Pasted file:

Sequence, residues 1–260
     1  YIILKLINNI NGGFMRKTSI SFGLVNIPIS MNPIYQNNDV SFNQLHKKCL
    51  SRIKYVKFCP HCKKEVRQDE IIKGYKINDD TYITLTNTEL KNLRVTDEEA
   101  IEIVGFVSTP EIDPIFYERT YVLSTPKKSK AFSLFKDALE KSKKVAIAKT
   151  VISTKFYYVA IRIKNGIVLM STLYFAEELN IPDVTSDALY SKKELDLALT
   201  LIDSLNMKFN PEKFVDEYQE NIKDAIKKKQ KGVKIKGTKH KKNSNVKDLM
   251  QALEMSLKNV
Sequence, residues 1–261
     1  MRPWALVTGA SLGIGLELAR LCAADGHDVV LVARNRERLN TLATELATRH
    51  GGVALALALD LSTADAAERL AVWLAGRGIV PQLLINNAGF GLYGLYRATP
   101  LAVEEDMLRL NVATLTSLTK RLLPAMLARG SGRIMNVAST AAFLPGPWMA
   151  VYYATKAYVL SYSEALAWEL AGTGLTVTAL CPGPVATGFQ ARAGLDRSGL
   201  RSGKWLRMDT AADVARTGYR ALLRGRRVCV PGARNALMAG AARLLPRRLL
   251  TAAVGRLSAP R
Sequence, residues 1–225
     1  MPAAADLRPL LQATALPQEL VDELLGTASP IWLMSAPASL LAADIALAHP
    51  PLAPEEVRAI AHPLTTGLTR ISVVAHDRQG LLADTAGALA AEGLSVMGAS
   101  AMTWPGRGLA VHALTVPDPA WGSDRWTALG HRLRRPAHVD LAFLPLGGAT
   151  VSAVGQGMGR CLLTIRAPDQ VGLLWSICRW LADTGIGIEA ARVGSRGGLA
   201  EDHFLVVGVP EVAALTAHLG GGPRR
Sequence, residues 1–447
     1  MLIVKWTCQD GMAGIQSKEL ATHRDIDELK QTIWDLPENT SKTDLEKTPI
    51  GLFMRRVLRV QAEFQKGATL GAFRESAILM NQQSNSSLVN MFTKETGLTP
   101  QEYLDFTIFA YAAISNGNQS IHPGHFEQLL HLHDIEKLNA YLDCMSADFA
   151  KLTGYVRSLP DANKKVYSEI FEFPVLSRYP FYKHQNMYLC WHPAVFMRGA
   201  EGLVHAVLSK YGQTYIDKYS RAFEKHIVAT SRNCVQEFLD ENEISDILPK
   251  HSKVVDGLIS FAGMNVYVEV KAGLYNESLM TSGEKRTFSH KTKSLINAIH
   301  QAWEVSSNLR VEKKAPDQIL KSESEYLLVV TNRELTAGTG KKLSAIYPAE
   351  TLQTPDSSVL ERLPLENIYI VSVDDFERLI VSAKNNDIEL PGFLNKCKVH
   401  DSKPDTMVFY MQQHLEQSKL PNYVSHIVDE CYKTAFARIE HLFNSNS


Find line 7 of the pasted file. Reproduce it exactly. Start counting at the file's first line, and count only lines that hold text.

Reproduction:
   251  QALEMSLKNV